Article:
Much has been written on the subject of free online language translation software such as Google Translate and the poor quality these systems usually deliver. Many companies choose this option to save a few hundred or possibly a few thousand dollars. The repercussions can be embarrassing and demonstrate a lack of commitment to international markets. This is regrettable, but fairly minor when compared to the very real possibility of inadvertently publishing sensitive, confidential or private information that could compromise a product release or invite a lawsuit.

How Can These Systems Publish Sensitive, Confidential or Private Information?

As our previous post Google Translate vs. Human:  The Pros & Cons for Your Business (Part 2) on this topic indicates, the answer is in the fine print that users either don’t read or don’t fully understand. Google states pretty clearly that any text entered into Google Translate can/will be used by Google to feed and improve its translation engine. By proxy, the text is suddenly in the public domain. This is true for other online translation systems, as well.

The security/confidentiality/privacy “breach” is actually not a breach at all, but entered on purpose by individuals and employees to get the gist of a document they can’t understand. They may not realize the sensitive nature of the text until they have pressed the enter key to receive the translated version of it. By then it’s too late. It is in the public domain and just about anybody has access to it.

The recent data leak at Statoil, one of the world’s largest oil and gas companies, demonstrates just how dangerous, even if inadvertent, using free online translation software can be. According to NRK, the Norwegian News Network, employees used online translation system Translate.com to translate “notices of dismissal, plans of workforce reductions and outsourcing, passwords, code information, and contracts.”  This information is certainly not something most companies would want to make public. Some of these entries were ultimately indexed and accessible via Google.

Translate.com does say, in the fine print of their Terms and Conditions that they cannot guarantee that the information provided to them by users will not become public. It’s doubtful that many people bother to read the T&Cs thoroughly, if at all, before using such systems. For a lot of text it doesn’t matter, but imagine if someone accidentally reveals details of a new product release or new product features and a competitor reads about it in a Google search?  This suddenly becomes a very costly, if unintended, mistake. Are the risks really worth saving a few hundred dollars?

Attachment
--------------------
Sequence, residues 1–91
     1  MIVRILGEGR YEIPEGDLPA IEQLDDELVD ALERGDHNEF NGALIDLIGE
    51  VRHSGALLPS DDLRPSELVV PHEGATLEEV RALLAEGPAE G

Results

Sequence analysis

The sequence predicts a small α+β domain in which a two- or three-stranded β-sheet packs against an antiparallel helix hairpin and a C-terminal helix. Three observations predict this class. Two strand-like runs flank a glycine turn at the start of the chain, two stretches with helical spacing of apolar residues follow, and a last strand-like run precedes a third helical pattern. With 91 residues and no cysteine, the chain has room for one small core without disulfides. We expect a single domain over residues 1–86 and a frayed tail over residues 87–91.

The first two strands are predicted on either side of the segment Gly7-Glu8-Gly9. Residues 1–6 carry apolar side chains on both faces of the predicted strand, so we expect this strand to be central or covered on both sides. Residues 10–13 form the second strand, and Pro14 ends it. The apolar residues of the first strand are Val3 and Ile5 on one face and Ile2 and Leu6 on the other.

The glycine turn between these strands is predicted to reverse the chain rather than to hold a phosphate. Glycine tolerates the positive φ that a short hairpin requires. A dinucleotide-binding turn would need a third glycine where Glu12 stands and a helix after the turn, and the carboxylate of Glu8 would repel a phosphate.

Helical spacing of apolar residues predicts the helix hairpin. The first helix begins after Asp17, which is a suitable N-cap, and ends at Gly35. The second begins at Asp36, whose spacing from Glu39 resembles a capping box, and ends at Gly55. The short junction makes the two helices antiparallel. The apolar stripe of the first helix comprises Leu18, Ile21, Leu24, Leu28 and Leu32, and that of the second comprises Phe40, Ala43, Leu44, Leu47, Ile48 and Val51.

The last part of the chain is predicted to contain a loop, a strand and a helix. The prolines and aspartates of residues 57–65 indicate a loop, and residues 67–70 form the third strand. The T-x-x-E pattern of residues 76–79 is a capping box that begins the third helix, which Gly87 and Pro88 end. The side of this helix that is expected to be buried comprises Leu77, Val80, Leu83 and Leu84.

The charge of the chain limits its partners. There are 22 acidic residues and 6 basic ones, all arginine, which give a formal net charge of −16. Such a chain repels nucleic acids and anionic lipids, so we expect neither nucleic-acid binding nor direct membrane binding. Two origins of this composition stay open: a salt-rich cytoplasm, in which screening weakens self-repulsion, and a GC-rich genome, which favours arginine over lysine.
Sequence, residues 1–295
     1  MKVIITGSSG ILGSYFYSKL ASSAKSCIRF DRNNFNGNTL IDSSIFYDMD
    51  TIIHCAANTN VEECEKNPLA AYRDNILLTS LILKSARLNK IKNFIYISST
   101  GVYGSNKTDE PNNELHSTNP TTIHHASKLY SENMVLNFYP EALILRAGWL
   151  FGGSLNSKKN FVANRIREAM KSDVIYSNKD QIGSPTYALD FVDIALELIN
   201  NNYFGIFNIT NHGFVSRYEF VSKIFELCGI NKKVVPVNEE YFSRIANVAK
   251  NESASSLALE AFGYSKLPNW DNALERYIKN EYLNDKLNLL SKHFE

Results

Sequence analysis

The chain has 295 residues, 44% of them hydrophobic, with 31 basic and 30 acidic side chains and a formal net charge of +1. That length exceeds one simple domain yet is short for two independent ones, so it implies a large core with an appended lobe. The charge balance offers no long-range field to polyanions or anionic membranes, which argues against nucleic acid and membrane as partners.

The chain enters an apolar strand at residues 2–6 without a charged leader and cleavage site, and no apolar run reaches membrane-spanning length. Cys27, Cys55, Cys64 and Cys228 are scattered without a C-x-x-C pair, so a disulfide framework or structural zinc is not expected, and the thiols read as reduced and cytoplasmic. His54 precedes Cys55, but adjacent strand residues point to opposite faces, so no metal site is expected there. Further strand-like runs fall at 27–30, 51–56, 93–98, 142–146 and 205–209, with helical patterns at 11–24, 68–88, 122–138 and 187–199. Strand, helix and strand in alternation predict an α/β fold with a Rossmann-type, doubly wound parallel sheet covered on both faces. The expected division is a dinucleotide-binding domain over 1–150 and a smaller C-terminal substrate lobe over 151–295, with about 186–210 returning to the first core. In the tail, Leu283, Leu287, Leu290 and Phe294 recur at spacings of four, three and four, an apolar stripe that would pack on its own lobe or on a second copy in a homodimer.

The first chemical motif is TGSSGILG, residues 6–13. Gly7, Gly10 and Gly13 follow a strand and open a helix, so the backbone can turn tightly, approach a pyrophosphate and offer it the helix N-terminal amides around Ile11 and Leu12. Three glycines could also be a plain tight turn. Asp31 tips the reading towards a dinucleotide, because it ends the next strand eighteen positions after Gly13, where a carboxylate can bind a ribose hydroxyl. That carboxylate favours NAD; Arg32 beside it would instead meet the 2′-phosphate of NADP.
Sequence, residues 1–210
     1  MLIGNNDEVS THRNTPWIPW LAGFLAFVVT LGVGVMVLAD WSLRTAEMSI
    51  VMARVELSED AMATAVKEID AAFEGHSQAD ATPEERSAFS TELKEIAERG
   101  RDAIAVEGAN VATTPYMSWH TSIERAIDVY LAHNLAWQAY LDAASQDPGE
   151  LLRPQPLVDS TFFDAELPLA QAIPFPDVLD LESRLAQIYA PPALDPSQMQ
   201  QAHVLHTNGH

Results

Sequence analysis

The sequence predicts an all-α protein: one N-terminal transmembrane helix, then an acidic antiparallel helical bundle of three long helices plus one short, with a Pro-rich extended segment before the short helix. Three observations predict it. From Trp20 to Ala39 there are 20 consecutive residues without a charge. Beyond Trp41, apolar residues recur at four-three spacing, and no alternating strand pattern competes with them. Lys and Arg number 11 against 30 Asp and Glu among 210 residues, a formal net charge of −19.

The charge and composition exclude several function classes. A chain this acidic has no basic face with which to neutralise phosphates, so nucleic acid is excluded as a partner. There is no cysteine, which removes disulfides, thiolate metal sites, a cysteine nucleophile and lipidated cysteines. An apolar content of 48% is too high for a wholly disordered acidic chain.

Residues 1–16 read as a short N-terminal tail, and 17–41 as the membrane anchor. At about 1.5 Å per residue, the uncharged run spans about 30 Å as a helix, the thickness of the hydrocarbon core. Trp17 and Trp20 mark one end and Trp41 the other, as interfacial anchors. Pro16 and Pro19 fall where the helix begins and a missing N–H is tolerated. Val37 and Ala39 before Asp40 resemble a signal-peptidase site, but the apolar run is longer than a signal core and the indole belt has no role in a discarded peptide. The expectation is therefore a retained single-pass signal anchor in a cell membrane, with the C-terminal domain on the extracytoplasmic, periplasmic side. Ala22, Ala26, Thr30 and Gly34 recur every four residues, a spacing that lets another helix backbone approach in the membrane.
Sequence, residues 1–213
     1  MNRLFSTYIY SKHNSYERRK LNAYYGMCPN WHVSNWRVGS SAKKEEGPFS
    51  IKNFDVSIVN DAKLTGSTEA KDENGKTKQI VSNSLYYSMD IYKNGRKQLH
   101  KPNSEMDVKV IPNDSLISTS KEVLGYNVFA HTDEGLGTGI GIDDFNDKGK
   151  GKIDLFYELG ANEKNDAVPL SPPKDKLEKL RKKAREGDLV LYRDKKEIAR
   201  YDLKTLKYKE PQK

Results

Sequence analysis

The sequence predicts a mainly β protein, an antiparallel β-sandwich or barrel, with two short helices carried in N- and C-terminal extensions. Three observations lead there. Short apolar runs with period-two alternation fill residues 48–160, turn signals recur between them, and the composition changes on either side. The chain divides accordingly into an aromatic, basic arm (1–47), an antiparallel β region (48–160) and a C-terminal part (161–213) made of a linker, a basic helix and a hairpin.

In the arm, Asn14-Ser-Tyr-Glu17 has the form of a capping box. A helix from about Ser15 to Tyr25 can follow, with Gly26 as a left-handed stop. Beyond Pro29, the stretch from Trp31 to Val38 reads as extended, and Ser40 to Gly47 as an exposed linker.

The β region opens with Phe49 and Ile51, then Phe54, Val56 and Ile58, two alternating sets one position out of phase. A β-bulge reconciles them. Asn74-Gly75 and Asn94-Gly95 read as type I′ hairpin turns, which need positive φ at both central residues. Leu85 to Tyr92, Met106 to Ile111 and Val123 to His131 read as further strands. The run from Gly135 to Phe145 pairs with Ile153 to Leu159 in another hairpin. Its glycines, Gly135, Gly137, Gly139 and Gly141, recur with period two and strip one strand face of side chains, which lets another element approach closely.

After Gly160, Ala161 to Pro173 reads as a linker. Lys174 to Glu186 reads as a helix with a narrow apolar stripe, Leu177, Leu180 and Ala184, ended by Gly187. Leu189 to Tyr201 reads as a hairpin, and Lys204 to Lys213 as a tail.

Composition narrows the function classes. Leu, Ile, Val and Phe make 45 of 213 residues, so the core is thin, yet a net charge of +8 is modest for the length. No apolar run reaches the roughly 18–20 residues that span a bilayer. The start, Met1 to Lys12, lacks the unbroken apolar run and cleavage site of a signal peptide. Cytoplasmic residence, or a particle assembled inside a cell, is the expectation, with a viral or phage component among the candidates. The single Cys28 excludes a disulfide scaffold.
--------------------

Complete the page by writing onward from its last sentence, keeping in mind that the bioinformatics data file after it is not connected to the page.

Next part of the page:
What Can You Do To Protect Yourself and Your Company?

Educate yourself and your employees of the potential risks.
Develop a company policy that provides clear instructions on what text can and can’t be entered into a free online translation system. This is a great step, however enforcement across all employees could prove difficult
Ban the use of free online translation systems altogether and route employees to a paid professional translation service that can demonstrate they have a secure system and strong non-disclosure agreements with their freelance translators and subcontractors
Insist on your company or your professional vendor using a closed translation system that prevents users from copying and pasting information out of the system. This could prove an expensive option internally. Professional translation companies regularly use such systems, but there are sometimes workarounds to allow translators to work outside the confines of these systems. Ask questions about how the translation vendor handles data so you know what security measures are in place.

What are My Options for Translating Business Materials?

In response to the newsbreak, Translate.com has said they will remove the translations from the system by getting in touch with their support team. Potentially helpful, though the damage has already been done.

There are risks associated with translating any kind of sensitive information, but you will greatly reduce them by familiarizing yourself on how free translation systems work, what the fine print of their T&Cs actually say, deciding what measures make the most sense to have in place to minimize the probability of the wrong data becoming public and what, if any, recourse you have.

Turning to a paid professional translation agency that can help educate you and help you develop a more secure process for translation may well save you money rather than cost you.

 

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